What is Blockchain?
Blockchain is a distributed database whose main purpose is to record information so that users can write and read the information. This database is structured decentralised so that a digital ledger can be shared across a network of computers worldwide without a central authority.
A distributed database isn't a new concept, but in a blockchain, there is no database admin, which makes it special. It's a decentralised network opened to anyone that can set up a server. You can join the blockchain and become a node of the network. The concept of blockchain became popular after the success of the Bitcoin invention by Satoshi Nakamoto.
Bitcoin uses blockchain technology as a public digital ledger to record Bitcoins transactions when they are moved from one address to another as a digital payment. Transaction records are public on the blockchain, so addresses can't spend beyond their available bitcoin. Addresses are digital wallets on the blockchain.
The blockchain employs consensus mechanisms that ensure no single party tampers with the records on the blockchain.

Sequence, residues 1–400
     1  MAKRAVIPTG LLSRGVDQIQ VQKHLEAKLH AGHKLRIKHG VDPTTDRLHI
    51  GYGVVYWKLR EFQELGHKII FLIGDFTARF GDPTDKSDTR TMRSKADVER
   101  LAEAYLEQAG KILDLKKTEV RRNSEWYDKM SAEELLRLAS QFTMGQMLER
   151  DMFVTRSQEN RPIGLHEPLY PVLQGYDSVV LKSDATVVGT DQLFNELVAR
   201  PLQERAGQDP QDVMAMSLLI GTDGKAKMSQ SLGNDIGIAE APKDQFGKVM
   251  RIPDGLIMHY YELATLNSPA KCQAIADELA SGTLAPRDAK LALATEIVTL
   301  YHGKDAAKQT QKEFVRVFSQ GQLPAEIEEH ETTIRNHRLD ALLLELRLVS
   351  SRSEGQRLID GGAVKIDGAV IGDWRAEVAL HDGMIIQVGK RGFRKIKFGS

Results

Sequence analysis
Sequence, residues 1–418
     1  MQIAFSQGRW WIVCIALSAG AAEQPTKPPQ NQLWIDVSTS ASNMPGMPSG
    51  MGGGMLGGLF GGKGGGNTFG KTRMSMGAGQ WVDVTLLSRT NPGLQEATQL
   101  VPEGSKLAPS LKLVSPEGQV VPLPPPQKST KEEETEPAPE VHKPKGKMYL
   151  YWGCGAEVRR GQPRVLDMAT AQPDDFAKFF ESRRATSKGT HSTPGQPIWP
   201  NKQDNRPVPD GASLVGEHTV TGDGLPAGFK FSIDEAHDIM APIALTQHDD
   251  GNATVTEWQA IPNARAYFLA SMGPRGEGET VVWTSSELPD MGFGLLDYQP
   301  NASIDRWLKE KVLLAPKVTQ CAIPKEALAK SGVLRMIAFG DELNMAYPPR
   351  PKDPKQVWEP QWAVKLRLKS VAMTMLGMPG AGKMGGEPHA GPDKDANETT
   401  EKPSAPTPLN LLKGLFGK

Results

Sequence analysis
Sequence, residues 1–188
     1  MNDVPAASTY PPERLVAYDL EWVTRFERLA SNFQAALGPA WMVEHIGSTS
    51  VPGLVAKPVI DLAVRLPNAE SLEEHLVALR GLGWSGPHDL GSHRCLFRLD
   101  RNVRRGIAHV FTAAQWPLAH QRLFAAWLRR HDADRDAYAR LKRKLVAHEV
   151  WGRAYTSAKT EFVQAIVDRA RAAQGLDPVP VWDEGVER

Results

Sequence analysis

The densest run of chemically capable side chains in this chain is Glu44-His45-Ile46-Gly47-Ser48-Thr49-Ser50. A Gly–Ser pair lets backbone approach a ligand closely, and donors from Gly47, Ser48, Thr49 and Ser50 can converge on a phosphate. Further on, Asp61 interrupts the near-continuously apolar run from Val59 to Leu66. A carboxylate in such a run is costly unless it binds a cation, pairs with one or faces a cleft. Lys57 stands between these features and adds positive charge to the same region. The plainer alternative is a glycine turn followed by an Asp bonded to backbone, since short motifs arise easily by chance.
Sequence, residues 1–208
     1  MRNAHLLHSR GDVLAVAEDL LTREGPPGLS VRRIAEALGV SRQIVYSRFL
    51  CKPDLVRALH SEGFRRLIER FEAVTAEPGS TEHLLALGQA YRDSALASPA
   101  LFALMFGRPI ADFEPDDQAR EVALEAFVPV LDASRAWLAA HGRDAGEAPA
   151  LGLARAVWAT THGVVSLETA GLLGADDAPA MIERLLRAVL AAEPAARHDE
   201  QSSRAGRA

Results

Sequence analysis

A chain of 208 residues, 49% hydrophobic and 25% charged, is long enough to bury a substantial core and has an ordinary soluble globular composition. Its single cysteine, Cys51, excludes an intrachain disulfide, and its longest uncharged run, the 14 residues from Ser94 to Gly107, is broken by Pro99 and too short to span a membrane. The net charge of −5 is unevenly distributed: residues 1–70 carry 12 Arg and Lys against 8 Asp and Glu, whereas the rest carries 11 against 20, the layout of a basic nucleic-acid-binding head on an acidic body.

What is Consensus Mechanism?
A consensus mechanism is a process by which agreement is reached on a distributed database like the blockchain.
The goal of a consensus mechanism is to ensure that everybody agrees on the current state of the database so that the operation can go on without a centralised authority and participants don't need to trust each other. The participants in a blockchain network are called nodes. Consensus mechanisms also help maintain security on the network.
There are several blockchain consensus mechanisms, but I've compiled a list that will help you understand how consensus mechanisms work.
Popular Consensus Mechanisms
Proof of Work is the most well-known consensus mechanism and was popularised by Bitcoin's founder, Satoshi Nakamoto, after bitcoin became the first successful proof-of-work implementation and has since been used as a basis for many other blockchain and cryptocurrency projects.
In the PoW consensus mechanism, miners compete to solve complex mathematical puzzles by trying to find a number called the nonce. The competition between miners makes mining computation-intensive, as the first miner to solve the puzzle gets the block reward. The process of solving this cryptographic puzzle is resource-intensive. It requires a lot of computational power, so it takes a significant amount to create a new block on the blockchain, which helps maintain the security and integrity of the system.
Miners are rewarded by earning a certain amount of cryptocurrency. The reward is an incentive for miners to continue participating in the blockchain so that more blocks can be added to keep the network running smoothly. Aside from the Bitcoin network, another example of a Proof of Work blockchain is Qitmeer.
The Proof of stake mechanism is based on the participants' coin stakes. There's no block reward in PoS. What we have is a stakes reward. The stakes rewards are transaction fees, and users that stake their coins are validators on the network.